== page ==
• A61B17/70Spinal positioners or stabilisers ; Bone stabilisers comprising fluid filler in an implant
    • A61B17/7062Devices acting on, attached to, or simulating the effect of, vertebral processes, vertebral facets or ribs ; Tools for such devices
    • A61B17/7068Devices comprising separate rigid parts, assembled in situ, to bear on each side of spinous processes; Tools therefor

Abstract

A spinous process device has a first plate and a second plate that are connected by an arm. The first and second plates have contact surfaces that face each other, so a spinous process can be clamped between the contact surfaces. The second plate is adjustable, so the angle and distance of the second plate relative to the first plate can be varied and set as desired.

Description

  • The Current Application depends from, and claims priority to, U.S. Provisional Patent Application No. 61/580,395, which was filed on Dec. 27, 2011.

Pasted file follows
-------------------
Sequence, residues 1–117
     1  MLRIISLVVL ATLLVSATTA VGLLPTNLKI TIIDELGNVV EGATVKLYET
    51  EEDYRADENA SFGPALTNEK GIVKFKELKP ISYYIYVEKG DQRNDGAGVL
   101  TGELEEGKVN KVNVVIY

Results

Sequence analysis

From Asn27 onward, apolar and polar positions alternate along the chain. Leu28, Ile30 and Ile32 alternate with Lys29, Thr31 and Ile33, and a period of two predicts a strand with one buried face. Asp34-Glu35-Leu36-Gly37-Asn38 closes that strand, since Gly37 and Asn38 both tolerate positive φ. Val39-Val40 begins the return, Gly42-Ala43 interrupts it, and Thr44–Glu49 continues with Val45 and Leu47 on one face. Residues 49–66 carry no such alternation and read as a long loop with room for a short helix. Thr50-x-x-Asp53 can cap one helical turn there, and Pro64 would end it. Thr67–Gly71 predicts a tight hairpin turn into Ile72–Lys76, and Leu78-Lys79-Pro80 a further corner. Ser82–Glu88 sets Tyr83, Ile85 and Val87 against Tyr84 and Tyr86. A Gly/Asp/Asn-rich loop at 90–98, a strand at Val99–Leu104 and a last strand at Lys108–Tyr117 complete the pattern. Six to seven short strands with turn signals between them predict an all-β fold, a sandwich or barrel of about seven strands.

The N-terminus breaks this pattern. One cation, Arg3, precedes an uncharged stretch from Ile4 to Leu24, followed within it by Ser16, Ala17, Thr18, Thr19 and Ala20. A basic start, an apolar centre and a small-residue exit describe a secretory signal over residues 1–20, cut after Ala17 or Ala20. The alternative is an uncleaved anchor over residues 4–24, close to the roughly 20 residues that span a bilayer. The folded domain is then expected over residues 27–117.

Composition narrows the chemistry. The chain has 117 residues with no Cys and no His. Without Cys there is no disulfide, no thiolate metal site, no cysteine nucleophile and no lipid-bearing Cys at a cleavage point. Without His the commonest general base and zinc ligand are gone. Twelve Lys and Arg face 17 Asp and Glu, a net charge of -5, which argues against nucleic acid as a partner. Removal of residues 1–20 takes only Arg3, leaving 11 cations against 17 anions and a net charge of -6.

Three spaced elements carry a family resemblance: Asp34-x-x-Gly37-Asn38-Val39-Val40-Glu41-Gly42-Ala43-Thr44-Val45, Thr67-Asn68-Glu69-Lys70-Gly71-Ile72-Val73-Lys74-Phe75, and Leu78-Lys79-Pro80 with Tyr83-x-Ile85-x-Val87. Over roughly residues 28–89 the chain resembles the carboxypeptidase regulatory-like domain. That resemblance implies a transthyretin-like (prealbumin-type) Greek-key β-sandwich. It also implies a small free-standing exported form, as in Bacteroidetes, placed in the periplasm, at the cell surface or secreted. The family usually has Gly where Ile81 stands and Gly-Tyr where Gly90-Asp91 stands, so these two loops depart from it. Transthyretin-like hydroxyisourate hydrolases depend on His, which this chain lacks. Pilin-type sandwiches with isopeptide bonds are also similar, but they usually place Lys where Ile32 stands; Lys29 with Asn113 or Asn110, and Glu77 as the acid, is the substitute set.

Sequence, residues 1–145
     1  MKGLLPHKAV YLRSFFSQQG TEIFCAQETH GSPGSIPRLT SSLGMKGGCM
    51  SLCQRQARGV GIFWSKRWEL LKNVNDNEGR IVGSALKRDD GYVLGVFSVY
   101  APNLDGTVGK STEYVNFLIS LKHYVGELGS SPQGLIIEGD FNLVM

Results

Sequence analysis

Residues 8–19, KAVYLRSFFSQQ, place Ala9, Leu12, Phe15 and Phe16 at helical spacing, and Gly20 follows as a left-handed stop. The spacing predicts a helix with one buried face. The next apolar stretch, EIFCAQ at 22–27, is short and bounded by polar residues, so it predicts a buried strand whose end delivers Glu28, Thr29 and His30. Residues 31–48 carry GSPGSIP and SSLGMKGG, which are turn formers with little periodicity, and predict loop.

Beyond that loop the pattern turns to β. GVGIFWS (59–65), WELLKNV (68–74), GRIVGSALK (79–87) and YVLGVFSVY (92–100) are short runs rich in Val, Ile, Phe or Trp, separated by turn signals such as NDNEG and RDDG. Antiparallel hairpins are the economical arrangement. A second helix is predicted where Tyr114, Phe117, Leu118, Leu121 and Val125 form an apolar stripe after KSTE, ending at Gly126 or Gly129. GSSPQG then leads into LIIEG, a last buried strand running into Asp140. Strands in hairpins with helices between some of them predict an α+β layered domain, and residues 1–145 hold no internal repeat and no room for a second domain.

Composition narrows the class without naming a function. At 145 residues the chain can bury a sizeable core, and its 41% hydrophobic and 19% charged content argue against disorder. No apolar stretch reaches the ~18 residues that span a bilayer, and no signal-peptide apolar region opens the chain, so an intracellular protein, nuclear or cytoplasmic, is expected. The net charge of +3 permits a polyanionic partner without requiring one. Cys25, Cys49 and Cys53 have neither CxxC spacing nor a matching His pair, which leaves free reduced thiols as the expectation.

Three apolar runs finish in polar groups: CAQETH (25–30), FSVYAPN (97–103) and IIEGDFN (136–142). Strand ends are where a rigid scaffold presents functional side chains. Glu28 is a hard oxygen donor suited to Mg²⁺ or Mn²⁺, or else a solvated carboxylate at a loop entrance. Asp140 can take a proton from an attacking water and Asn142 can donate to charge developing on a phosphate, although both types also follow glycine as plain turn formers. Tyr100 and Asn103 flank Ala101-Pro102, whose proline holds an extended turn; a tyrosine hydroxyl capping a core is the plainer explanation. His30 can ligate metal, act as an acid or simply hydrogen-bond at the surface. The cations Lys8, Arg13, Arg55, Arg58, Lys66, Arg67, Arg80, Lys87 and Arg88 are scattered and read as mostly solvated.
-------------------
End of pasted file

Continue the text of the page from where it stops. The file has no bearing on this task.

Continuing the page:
• BACKGROUND OF THE INVENTION
  • a. Field of the Invention
  • The invention relates to the field of spinal surgery, and more particularly to a spinous process fusion device with plates connected by a joining arm.
  • b. Background of the Invention
  • The central nervous system is part of an overall system that functions to coordinate human activity. It is made up of the brain and the spinal cord. The main function of the spinal cord is to act as a conduit to communicate neuronal signals from the brain to the rest of the body. Protecting the spinal cord is the spinal column, or commonly referred to as the spine or vertebral column. Anatomically, the spinal column is made up of several regions, including the cervical, thoracic, lumbar and sacral regions. The cervical spine is made up of 7 seven vertebrae and functions to support the weight of the head. The thoracic spine is made up of 12 vertebrae and functions to protect the organs located within the chest. Five vertebrae make up the lumbar spine. The lumbar spine contains the largest vertebra and function as the main weight bearing portion of the spine. Located at the base of the spine is the five fused vertebrae known as the sacrum. The coccyx sits at the base of the spinal column and consists of four fused vertebrae.